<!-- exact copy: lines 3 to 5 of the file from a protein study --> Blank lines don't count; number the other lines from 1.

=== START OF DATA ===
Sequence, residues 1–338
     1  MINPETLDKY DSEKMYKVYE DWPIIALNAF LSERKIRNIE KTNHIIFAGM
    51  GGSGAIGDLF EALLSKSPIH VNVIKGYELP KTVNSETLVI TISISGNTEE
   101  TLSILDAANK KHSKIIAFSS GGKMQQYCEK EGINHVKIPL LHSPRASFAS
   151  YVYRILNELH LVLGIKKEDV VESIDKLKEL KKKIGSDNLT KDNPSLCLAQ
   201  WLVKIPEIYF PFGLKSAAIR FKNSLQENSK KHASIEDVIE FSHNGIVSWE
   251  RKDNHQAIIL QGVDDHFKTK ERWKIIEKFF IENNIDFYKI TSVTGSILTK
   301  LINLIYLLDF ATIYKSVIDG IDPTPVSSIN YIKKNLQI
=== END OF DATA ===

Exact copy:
    51  GGSGAIGDLF EALLSKSPIH VNVIKGYELP KTVNSETLVI TISISGNTEE
   101  TLSILDAANK KHSKIIAFSS GGKMQQYCEK EGINHVKIPL LHSPRASFAS
   151  YVYRILNELH LVLGIKKEDV VESIDKLKEL KKKIGSDNLT KDNPSLCLAQ